What are Skin Lesions?
A skin lesion is a part of the skin that has an abnormal growth or appearance compared to the skin around it. Skin lesions can be present at birth or acquired over a person’s lifetime. They can be benign (noncancerous) or malignant (cancerous). In this blog post, we will explore the different types, causes, diagnoses, and treatments of skin lesions.
Types of Skin Lesions
Skin lesions can be classified into two categories: primary and secondary. Primary skin lesions are the original or initial changes in the skin, such as a mole, a wart, or a blister. Secondary skin lesions result from irritation, infection, or manipulation of primary skin lesions, such as a crust, a scar, or an ulcer.
Also Read – Finn Wolfhard Net Worth
Some examples of primary skin lesions are:
Macule: A flat, discoloured spot on the skin less than 1 cm in diameter, such as a freckle or a birthmark.
Patch: A large macule that is more than 1 cm in diameter, such as a vitiligo patch or a port-wine stain.
Papule: A small, raised bump on the skin that is less than 0.5 cm in diameter, such as an acne pimple or a mole.
Plaque: A large pimple that is more than 0.5 cm in diameter, such as a psoriasis plaque or a wart.
Nodule: A solid, round or oval lump that extends deeper into the skin than a papule, such as a lipoma or a cyst.
Tumor: A large nodule that may be benign or malignant, such as a melanoma or a basal cell carcinoma.
Vesicle: A small, fluid-filled blister on the skin that is less than 0.5 cm in diameter, such as a herpes simplex lesion or a chickenpox lesion.
Bulla: A large vesicle that is more than 0.5 cm in diameter, such as a blister from a burn or an insect bite.
Pustule: A vesicle that contains pus, such as an acne pimple or an impetigo lesion.
Wheal: A raised, red, itchy area on the skin that may change shape and size, such as an urticaria (hives) lesion or an insect bite reaction.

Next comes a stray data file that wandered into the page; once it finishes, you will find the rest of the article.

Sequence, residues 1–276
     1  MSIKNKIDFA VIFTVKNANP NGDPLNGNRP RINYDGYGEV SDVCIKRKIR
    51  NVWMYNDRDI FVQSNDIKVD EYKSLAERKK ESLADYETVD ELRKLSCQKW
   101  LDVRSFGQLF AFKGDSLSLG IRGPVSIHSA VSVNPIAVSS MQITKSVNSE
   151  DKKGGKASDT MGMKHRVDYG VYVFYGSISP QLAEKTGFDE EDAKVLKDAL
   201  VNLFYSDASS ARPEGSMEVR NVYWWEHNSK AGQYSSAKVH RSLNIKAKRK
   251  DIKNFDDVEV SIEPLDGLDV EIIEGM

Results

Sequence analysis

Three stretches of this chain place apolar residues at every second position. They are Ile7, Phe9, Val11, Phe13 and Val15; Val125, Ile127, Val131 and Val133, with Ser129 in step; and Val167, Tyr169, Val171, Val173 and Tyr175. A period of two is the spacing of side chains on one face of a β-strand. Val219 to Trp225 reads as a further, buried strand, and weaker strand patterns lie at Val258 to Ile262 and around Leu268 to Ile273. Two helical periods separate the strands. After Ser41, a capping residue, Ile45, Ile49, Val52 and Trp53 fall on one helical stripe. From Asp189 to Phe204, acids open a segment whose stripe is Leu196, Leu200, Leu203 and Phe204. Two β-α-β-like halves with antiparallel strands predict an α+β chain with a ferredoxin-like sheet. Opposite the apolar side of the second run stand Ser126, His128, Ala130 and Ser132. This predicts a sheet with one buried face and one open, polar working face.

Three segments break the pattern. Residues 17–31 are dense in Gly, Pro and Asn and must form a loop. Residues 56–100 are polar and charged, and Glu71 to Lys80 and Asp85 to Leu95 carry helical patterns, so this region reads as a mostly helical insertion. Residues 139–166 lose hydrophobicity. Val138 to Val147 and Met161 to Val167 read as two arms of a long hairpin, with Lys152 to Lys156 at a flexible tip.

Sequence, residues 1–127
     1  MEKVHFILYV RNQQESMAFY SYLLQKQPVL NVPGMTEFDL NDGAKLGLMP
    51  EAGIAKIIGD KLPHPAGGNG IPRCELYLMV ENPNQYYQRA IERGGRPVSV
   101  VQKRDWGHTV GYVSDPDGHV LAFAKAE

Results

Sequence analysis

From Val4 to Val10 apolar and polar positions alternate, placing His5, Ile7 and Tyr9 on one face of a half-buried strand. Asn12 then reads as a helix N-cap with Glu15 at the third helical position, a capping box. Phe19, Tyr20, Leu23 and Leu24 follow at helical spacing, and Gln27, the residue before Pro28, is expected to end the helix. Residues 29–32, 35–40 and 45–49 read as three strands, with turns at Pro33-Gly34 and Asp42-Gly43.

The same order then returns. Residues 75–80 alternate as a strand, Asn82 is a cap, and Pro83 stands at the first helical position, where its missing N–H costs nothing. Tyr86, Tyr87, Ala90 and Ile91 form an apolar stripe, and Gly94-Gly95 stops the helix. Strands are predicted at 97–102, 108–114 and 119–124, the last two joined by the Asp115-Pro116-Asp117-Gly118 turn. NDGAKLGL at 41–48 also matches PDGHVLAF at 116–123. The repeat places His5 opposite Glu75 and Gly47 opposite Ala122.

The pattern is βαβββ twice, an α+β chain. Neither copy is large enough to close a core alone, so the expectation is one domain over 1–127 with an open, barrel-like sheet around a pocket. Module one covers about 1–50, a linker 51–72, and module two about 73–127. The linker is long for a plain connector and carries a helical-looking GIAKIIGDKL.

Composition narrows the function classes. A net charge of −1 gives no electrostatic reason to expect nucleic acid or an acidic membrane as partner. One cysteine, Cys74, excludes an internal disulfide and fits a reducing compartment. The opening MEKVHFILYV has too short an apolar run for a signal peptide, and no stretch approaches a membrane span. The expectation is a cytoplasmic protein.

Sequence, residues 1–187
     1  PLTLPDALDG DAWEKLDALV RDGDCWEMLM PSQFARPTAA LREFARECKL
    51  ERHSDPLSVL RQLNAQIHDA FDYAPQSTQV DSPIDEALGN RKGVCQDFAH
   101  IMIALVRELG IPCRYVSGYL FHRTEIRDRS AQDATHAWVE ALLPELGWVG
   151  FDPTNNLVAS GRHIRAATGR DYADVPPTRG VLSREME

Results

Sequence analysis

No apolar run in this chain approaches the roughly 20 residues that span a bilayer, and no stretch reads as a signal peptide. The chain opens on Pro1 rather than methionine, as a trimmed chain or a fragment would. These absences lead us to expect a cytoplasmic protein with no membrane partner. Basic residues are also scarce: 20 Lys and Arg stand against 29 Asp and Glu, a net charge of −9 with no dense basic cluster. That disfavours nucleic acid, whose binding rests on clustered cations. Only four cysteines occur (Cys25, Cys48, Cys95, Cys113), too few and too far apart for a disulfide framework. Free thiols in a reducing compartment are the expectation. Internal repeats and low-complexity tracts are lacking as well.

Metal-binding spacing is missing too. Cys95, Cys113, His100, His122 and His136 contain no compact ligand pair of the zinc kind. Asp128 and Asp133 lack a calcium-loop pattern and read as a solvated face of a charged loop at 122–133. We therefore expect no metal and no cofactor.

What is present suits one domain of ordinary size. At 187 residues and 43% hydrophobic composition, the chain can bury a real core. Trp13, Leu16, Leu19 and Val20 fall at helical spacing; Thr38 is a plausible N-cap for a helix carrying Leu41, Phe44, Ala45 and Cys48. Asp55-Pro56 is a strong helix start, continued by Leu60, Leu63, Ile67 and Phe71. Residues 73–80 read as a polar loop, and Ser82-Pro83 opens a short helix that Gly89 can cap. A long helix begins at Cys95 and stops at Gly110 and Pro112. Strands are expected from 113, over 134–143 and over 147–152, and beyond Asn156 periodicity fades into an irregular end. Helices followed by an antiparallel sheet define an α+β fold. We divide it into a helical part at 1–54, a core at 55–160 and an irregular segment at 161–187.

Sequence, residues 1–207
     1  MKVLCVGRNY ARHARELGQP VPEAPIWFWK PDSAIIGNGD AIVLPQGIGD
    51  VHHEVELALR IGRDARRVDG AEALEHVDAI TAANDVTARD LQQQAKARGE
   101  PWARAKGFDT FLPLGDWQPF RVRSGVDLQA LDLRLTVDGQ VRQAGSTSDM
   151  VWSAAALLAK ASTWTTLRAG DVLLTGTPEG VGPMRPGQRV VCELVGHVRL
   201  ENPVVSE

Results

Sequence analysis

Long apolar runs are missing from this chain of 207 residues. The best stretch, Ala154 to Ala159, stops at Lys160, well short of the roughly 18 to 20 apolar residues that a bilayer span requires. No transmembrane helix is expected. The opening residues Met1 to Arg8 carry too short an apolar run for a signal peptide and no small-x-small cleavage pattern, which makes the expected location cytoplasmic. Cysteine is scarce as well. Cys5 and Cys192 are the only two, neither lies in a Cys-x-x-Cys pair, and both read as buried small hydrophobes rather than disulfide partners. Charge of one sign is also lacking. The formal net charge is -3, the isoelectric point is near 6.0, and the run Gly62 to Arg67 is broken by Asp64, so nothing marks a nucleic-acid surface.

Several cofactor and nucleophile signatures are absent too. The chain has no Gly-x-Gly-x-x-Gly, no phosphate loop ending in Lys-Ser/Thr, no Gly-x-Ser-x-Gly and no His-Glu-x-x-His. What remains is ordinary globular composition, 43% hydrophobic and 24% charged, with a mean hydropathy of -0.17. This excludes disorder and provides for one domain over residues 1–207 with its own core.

Some examples of secondary skin lesions are:
Crust: A dried layer of blood, serum, or pus that covers a wound or a lesion, such as a scab from a cut or an impetigo lesion.
Scale: A thin flake of dead skin cells that sheds from the surface of the skin, such as dandruff or psoriasis scales.
Lichenification: A thickening and hardening of the skin with increased skin markings due to chronic scratching or rubbing, such as in atopic dermatitis or lichen simplex chronicus.
Erosion: A loss of the superficial layer of the skin (epidermis) that does not extend into the deeper layer (dermis), such as in aphthous ulcers or herpes simplex lesions.
Ulcer: A loss of both the epidermis and the dermis that may expose underlying tissues, such as in pressure ulcers or diabetic ulcers.
Fissure: A linear crack in the skin that may extend into the dermis, such as in an athlete’s foot or cheilitis.
Scar: A permanent change in the skin due to the healing of a wound or a lesion, such as in acne scars or surgical scars.
Keloid: An abnormal overgrowth of scar tissue that extends beyond the original wound or lesion, such as in-ear piercings or burns.
Causes of Skin Lesions
Skin lesions can have various causes depending on their type and location. Some common causes are:
Genetic factors: Some skin lesions are inherited from parents or result from mutations in genes, such as moles, birthmarks, freckles, albinism, neurofibromatosis, tuberous sclerosis, etc.
Environmental factors: Some skin lesions are caused by exposure to external agents or conditions, such as sunburns, allergic reactions, contact dermatitis, insect bites, chemical burns, etc.
Infectious agents: Some skin lesions are caused by bacteria, viruses, fungi, parasites, or other microorganisms that invade the skin or mucous membranes.